Eye of the Beholder

Skeeping Dog

A mildly interesting premise but lack of character development and a story that stagnates makes “Eye of the Beholder” a lackluster offering.

Ewan McGregor plays Stephen Wilson, a British consulate investigtor operating out of Washington D.C. He’s given an assignment to track his boss’ son who may be stealing from a trust fund and he encounters an intriguing murderess in the form of Ashley Judd. Being an expert in surveillance, Wilson follows her, his camera and mircrophone ever at the ready. So we go from city to city as he tracks her every move, watches her every disguise and finds out, lo and behold, that she’s willing to kill again at the drop of a hat. Who is she and why is she doing any of this, we’re never really clear about.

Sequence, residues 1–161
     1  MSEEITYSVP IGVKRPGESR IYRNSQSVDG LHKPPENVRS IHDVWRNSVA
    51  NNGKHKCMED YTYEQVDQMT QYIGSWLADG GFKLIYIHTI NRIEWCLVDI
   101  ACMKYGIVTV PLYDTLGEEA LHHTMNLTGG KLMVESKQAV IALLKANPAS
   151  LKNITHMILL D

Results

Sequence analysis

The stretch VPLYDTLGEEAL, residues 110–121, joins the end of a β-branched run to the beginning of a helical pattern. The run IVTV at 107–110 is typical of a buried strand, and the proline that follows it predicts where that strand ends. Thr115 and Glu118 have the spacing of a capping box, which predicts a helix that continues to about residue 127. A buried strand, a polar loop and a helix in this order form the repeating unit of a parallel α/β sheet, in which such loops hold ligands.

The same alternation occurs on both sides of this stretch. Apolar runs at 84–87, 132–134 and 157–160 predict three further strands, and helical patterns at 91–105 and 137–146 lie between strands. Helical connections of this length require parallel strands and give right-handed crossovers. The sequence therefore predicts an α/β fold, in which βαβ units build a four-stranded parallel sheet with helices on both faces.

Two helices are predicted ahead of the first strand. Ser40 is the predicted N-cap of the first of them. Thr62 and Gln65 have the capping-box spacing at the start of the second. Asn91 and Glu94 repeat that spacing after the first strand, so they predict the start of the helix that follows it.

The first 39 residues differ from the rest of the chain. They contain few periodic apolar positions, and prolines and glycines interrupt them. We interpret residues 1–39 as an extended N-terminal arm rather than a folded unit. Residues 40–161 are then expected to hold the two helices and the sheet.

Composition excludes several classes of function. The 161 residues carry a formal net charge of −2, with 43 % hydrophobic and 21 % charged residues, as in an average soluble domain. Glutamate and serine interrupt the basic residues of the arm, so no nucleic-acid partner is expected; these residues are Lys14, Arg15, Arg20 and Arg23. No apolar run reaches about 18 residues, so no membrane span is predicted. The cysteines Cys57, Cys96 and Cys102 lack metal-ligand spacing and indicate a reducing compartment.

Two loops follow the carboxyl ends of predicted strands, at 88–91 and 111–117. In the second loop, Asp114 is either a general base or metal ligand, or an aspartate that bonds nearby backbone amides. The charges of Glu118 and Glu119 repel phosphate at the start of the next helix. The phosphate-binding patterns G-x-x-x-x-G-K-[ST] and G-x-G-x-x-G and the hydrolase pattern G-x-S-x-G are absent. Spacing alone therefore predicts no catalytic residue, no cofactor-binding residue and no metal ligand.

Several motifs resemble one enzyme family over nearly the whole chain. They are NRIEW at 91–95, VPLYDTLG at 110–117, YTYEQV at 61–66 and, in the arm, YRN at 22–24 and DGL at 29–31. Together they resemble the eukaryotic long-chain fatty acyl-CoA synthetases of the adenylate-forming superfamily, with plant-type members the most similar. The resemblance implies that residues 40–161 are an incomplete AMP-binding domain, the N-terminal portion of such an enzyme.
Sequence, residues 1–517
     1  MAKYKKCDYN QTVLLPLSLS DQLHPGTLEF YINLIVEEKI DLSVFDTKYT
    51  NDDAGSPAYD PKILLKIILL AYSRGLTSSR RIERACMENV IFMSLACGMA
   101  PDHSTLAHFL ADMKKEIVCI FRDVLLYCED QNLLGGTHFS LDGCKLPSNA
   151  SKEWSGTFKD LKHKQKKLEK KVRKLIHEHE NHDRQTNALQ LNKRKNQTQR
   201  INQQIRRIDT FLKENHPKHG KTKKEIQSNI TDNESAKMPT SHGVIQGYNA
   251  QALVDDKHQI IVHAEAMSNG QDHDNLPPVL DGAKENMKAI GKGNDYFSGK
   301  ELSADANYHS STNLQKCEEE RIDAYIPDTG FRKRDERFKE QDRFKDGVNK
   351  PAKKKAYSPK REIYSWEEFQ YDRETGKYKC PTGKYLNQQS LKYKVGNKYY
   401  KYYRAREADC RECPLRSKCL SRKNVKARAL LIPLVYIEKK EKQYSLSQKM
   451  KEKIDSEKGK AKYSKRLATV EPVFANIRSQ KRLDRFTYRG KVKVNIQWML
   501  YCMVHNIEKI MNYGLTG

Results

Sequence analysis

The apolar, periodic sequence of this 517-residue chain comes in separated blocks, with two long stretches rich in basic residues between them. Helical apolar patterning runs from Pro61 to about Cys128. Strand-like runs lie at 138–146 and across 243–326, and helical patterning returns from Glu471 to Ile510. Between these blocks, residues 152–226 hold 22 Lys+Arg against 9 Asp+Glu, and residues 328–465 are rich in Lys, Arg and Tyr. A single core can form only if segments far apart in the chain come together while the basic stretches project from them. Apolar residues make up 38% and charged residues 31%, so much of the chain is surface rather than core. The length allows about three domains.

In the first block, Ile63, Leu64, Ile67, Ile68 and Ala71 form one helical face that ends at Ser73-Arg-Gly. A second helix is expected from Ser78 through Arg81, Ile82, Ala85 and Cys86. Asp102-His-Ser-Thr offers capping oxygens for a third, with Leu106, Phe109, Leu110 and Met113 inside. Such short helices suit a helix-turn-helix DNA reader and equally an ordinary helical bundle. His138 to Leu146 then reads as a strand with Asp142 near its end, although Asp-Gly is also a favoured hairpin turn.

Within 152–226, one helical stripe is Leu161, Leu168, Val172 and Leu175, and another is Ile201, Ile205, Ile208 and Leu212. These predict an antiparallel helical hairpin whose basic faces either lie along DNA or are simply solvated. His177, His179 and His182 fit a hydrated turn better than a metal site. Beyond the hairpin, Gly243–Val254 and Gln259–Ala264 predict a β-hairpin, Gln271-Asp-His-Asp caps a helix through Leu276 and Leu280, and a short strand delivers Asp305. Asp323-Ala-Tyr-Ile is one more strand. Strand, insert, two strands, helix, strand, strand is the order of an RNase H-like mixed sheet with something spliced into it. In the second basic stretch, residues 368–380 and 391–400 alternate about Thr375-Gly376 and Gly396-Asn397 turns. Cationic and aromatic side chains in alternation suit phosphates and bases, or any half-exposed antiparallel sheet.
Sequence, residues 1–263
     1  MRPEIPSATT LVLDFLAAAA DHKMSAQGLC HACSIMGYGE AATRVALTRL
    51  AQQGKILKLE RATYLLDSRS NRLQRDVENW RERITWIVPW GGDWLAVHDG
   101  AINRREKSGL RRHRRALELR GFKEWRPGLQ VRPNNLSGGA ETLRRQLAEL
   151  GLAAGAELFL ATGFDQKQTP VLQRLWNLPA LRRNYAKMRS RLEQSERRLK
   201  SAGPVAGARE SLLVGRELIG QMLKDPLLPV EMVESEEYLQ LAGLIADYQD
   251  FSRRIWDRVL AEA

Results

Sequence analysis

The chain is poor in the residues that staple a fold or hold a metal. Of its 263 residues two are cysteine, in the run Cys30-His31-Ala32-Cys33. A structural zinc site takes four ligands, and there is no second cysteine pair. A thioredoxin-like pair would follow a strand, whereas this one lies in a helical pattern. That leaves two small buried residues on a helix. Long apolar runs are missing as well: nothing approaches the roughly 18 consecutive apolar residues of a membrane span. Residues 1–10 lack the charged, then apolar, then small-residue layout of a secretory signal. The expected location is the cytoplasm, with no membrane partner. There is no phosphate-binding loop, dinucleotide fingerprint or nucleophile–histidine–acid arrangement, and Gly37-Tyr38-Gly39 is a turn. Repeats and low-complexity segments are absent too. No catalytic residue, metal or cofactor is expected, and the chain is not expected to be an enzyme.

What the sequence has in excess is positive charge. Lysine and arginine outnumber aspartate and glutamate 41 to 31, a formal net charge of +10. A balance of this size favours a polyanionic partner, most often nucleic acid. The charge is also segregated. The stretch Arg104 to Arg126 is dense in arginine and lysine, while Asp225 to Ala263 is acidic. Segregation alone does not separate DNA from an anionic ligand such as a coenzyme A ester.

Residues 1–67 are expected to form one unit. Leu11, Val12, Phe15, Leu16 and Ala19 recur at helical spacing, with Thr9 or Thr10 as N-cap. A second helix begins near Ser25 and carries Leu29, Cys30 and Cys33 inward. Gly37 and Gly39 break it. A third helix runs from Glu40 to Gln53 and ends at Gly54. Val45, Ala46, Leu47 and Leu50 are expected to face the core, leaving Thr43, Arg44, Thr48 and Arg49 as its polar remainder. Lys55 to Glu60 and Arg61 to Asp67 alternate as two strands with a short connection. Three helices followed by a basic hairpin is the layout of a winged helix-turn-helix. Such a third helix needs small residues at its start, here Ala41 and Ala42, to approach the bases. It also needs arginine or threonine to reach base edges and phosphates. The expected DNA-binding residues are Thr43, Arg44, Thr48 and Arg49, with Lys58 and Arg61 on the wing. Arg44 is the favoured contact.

At the same time, Wilson is consumed by guilt for having lost his wife and daughter because of his job. This leads him to take a personal interest in Joanna Eris, the murderess’ well-being. An attraction on his part develops and he’s soon so obsessed that he also covers for her murders. All of this is fine, except that you don’t care one wit about him, his guilt or his obsession. As for Joanna, besides killing off men, she likes to take bubble baths and sing to herself. She’s also being tracked by the Feds for who knows what. The story makes no sense and is very hard to hear the way the audio jumps all over the place.

Also features k.d.lang as Hilary, Wilson’s big mouth contact at the agency, Jason Priestley as Gary, one of Joanna’s victims, Geneviève Bujold as Dr. Brault and Patrick Bergin as Alex Leonard.

Lotta says: bottom line – “Eye of the Beholder” is dead on arrival.